The Sunday Edition

How music helps restore dignity at Canada's most notorious prison

A concert at Millhaven Institution provides respite and reflection for the inmates, and a reminder of their dignity and humanity.
A concert at Millhaven Institution provides respite and reflection for the inmates, and a reminder of their dignity and humanity. (Laura Prosser/CSC)
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In mid-October, in a maximum security prison outside Kingston, Ont., three classical musicians prepared to give a very unusual concert. 

Jonathan Crow is a violinist and concertmaster of the Toronto Symphony Orchestra. Joseph Johnson is the orchestra's principal cellist. Lukas Geniušas is an acclaimed concert pianist from Russia.

This world-class trio has never performed together outside of prison. They were brought to Millhaven Maximum Security Institution by a charitable organization called Looking at the Stars, which brings classical music to people in prisons and long-term care facilities. 

This is my way of giving back service to a community that one day will be free.- Artist S. Gordon Harwood

"It's a great opportunity to just not be here. I mean, it transcends our current circumstances," said Jeff, one of the inmates in the audience. "It's dignifying, right? You lose a lot of dignity in a place like this, and this is a great way to retain it a little bit, to be treated like a human being."

The program is the brainchild of Dmitri Kanovich, an entrepreneur and classical music lover who came to Canada as a refugee in 1983. Over the last four years, he has made more than 50 visits to prisons in Canada. 

"It brings hope, to begin with. It brings confidence. I think it warms their hearts," he told The Sunday Edition's host Michael Enright.

The Sunday Edition's host Michael Enright speaks with Dmitri Kanovich, the founder of Looking at the Stars. (Laura Prosser/CSC)

Kanovich said that his interactions with inmates have been an education for him.

"I was not aware of what leads them to crime. I was not aware of the fact that [the majority of them] were born in families which were the families of alcoholics, drug addicts," he said. 

"I do believe that we are as a society are responsible, to a great degree, for creating poverty."

He also said he could "absolutely" imagine himself on the other side of the prison walls.

"I was on the threshold of committing crimes, because I was abused, I was harassed, I was hurt badly. I never crossed that threshold ... but I empathize with them," he said. 

More than just a form of escape

Over the course of the afternoon, the trio performed music from Ravel, Schubert, Astor Piazolla, Beethoven, Handel and Johan Halvorsen.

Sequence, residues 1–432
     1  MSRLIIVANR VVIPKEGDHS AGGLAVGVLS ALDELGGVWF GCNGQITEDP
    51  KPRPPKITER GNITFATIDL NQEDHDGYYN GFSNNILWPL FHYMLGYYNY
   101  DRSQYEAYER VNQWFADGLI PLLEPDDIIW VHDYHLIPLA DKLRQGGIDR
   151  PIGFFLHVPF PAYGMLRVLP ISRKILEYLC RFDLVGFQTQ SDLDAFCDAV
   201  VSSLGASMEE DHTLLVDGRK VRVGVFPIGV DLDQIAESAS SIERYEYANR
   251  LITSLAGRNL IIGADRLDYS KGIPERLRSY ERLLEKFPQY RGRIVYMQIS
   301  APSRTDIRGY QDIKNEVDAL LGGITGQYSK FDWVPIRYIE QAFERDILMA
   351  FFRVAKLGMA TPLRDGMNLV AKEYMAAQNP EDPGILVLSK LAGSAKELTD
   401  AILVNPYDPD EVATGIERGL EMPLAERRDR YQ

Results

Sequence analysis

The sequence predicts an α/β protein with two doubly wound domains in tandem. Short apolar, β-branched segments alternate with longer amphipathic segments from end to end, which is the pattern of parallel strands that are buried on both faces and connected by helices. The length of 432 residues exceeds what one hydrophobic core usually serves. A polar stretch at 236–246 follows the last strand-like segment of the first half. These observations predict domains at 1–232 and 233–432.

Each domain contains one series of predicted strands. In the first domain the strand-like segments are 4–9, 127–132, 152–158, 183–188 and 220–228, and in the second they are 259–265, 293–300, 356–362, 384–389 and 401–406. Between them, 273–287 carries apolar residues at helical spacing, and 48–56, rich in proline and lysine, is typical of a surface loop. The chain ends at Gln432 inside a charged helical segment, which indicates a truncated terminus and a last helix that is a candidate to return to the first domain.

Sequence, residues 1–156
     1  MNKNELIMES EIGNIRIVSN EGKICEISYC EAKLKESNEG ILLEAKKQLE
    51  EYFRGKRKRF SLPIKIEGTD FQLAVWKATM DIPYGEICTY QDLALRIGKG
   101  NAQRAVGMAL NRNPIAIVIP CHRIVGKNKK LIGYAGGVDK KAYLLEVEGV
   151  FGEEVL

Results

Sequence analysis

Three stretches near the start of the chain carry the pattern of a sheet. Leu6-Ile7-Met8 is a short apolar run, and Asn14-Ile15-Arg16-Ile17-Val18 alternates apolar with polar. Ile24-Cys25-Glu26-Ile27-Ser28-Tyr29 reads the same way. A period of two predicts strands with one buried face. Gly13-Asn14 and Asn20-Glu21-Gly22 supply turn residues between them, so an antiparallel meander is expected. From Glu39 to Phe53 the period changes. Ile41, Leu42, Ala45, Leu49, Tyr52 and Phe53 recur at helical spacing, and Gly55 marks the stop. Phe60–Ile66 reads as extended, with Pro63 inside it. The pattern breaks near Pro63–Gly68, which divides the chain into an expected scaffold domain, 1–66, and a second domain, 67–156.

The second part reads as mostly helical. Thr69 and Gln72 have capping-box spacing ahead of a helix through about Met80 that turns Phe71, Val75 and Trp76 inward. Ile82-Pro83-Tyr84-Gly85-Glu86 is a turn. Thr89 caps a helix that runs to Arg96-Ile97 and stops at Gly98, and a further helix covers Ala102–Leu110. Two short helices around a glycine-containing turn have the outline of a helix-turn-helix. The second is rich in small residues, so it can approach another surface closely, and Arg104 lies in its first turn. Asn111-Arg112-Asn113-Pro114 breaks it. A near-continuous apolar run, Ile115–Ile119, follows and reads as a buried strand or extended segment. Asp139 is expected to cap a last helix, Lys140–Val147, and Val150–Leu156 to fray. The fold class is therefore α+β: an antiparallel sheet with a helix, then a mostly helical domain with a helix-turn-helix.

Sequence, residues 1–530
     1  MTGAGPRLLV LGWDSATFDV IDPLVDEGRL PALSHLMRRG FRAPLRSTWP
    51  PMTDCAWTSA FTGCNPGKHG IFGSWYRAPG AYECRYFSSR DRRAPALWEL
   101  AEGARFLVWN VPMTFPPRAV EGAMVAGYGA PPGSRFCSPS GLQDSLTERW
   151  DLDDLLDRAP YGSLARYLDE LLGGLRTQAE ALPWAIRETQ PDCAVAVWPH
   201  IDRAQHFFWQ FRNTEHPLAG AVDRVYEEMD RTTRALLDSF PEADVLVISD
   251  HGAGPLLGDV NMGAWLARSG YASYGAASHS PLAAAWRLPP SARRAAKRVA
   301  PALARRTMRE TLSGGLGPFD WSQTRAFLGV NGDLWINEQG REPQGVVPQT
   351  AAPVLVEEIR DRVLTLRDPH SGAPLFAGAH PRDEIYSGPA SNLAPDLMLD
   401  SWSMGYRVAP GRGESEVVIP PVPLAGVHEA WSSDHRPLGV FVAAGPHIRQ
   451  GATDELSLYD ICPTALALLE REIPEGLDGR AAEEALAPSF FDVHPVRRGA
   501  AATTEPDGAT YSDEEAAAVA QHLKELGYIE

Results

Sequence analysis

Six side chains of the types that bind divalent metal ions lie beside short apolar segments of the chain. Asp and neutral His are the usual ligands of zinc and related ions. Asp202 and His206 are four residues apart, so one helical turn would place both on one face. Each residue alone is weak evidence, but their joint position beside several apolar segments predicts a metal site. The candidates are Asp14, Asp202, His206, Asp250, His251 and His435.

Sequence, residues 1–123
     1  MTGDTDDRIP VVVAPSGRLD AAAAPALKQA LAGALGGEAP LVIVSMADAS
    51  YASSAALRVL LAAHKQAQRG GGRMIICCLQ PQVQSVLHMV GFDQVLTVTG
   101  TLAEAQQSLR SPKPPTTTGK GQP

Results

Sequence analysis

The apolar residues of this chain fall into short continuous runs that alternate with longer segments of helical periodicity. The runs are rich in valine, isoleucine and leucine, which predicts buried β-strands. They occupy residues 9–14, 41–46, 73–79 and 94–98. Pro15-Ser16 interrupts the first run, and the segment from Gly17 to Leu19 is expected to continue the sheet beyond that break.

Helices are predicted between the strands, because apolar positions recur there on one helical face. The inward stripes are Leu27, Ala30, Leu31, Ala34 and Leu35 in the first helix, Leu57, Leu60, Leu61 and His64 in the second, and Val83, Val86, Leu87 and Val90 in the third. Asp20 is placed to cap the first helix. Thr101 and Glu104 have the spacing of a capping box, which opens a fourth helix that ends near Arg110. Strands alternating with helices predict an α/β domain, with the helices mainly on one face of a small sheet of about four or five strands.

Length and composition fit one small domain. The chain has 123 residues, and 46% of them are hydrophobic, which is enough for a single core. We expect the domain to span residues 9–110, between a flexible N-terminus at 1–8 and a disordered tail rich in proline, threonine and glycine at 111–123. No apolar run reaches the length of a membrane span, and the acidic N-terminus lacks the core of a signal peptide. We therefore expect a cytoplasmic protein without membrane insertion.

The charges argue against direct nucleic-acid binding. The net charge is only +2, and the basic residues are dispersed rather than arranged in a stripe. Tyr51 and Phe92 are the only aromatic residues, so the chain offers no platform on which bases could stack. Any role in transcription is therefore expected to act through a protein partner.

Jason, one of the inmates, was struck by how the musicians swayed as they performed. 

"It's a fascinating, because I've never really listened to classical music and I've been to dozens of concerts, mostly rock concerts. I found with this, a lot of their body language and their feeling goes into the music," he told Enright after the concert. 

"You can actually hear his emotion through his music. So for me, it was just a completely different experience. It opened me up to another world, because I love music."

Jeff, the inmate who said listening to music helps lift him beyond his circumstances, said music is more than just a form of escape. 

"It can force you to be very honest with yourself. Music opens up your heart, and you're very honest in that state," he said. 

As the trio played, artist S. Gordon Harwood worked on a painting inspired by their music. "It's an emotional experience, and I intentionally choose colors that bring joy and inspiration, without the dark colors of blue and black and gray," he said. 

As a classical music concert goes on at Millhaven prison, artist S. Gordon Harwood works on a painting inspired by their music. (Laura Prosser/CSC)

After the concert, he donated the piece to the prison, for their community room.  

"This is my way of giving back service to a community that one day will be free." 

Challenging preconceived notions

Crow, the violinist, said he and the other musicians are "creatures of habit" who are used to playing in a very different environment. 

"When we play at Roy Thomson Hall, we know exactly what time the concert is going to start. We know where our dressing rooms are. We know when it's going to end. Everything is really controlled. This is a totally different situation. You never quite know what's going to happen," he said. 

"It's not about our controls, not about our concerts, so much as doing it for somebody else."

Why shouldn't the inmates in here also be able to play the violin and be able to play the piano extremely well?- Violinist Jonathan Crow

The inmates at Looking at the Stars concerts are one of the most rewarding audiences to perform for, said cellist Johnson. 

"Their curiosity and their open honesty and affection for what they've just witnessed needs to come out and they need to tell us, and I love that," he said. "It's a little bit different than going to a normal concert and speaking to an audience member that may come to 20 concerts a year."

For some prisoners, the concerts bring back memories of their lives before Millhaven. 

"One of them said, 'Oh yeah, I used to play violin as a kid.' And after the concert, one of the inmates just got up on the piano and started jamming and was playing really well," said Crow. 

"That shouldn't have been shocking to me. But it still was surprising, which goes to my preconceived notions about the people that are in here, right? Why shouldn't the inmates in here also be able to play the violin and be able to play the piano extremely well?"

Click 'listen' above to hear The Sunday Edition's special program on the Millhaven concert. 

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